Boogie Nights

Giorgio Moroder, Donna Summer

The craze for electronic dance music rages on unabated—the DJ Calvin Harris made $66 million last year tweaking the pulses of glow-stick wavers—but the man who first brought this synth-rich sound to the mainstream was, for a time, largely forgotten. The Italian producer Giorgio Moroder started out performing in German discotheques in the ‘70s and went on to define the sound of that era. He fell off the map about the same time disco slid off the charts, but he re-emerged, to great fanfare, in 2013, on Daft Punk’s hit album Random Access Memories. Next month, Moroder is releasing his first record in 25 years, featuring up-and-comers like Charli XCX. Its lead single? “74 Is the New 24.”


“I won my first Oscar in 1979, for the Midnight Express score. Dean Martin presented the award to me. I bumped into a light walking to the stage. Up there, I spoke about stupid things. Disaster.” Courtesy of Giorgio Moroder.


“This is the entryway to my home in Ortisei, Italy. I was born there and inherited the house, which I remodeled 35 years ago. It’s hard to count the gold records.” Courtesy of Giorgio Moroder.


“I’m recording a song for the 1982 film Cat People with David Bowie and the director, Paul Schrader, in Switzerland.” Courtesy of Giorgio Moroder.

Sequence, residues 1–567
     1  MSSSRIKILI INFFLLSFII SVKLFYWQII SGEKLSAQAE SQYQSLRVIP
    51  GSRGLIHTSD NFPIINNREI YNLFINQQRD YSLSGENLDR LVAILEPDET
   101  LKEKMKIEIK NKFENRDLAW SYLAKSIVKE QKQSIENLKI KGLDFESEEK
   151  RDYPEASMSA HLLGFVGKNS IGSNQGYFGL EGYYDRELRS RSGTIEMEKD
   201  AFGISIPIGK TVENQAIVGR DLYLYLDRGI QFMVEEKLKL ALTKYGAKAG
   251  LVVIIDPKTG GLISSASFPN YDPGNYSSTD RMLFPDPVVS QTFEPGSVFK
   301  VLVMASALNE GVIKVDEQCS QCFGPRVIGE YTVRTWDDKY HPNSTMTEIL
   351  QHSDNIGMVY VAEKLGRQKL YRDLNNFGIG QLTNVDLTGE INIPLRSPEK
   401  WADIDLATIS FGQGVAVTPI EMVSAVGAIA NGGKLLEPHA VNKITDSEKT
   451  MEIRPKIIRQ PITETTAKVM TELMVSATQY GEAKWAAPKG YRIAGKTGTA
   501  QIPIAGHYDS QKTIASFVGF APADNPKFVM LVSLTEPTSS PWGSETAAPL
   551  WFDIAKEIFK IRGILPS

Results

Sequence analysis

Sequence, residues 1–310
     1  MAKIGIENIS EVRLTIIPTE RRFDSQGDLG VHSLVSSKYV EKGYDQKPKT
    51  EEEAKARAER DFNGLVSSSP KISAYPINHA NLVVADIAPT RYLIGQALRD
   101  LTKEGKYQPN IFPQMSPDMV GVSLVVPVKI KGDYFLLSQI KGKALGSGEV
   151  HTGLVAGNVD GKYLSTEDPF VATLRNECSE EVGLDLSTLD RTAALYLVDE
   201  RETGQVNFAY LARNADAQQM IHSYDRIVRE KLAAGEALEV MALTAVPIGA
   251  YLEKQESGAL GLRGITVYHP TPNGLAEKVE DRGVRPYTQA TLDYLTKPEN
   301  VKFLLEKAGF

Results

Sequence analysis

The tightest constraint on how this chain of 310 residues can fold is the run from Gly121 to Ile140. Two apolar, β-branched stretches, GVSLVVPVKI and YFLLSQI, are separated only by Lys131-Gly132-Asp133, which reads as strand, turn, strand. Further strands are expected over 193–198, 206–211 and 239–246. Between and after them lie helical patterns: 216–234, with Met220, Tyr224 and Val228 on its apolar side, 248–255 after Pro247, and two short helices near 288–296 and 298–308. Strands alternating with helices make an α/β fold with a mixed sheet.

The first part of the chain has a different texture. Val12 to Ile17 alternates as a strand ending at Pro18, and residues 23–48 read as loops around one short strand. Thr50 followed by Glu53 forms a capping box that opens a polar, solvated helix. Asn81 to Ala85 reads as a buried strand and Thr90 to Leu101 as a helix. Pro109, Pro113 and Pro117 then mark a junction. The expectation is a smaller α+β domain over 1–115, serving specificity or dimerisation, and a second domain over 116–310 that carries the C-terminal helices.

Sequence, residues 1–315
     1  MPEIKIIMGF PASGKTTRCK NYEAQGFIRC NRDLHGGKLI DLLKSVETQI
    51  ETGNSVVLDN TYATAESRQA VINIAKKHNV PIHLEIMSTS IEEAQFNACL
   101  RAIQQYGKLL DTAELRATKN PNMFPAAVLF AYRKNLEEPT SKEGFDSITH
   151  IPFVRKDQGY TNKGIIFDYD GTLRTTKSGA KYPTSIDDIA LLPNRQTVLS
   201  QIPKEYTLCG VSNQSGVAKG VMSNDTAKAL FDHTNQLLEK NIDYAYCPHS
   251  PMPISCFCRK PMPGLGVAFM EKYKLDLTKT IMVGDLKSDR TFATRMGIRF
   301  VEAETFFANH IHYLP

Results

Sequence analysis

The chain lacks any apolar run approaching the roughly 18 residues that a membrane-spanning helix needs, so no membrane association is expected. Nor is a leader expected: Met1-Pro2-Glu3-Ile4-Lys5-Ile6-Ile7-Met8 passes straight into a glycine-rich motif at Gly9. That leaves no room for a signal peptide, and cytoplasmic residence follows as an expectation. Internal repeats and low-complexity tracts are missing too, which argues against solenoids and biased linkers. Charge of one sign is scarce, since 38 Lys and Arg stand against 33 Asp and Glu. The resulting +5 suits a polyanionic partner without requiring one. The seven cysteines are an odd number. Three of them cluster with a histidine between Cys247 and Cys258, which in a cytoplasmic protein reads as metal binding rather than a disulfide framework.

“[This] is the cover of my 1977 record From Here to Eternity. This look has sort of become my image. But now I have a smaller mustache. The one in the photo is a little too big.” Courtesy of Casablanca Records.


“The picture was taken at the Grammys last year. Next to me is Guy-Manuel de Homem-Christo; I know because he’s the shorter member of Daft Punk.” Photograph by WireImage/ Getty Images.


“I’m with Donna Summer in Munich, in ’76 or ’77. We’re at my studio, Musicland, where we recorded ‘Love to Love You Baby,’ our first No. 1 hit. I used the ‘four-on-the-floor’ tempo for the first time, which became a must for most dance songs then. It was the beginning of disco.“ Photograph by Getty Images.


“I designed this car. It’s called the Cizeta-Moroder—a beautiful car. I still own the prototype; I think we sold seven or eight of them. The Sultan of Brunei owned two. I had a lot of projects: I made cognac, computer art. Some were well thought out, others not.” Courtesy of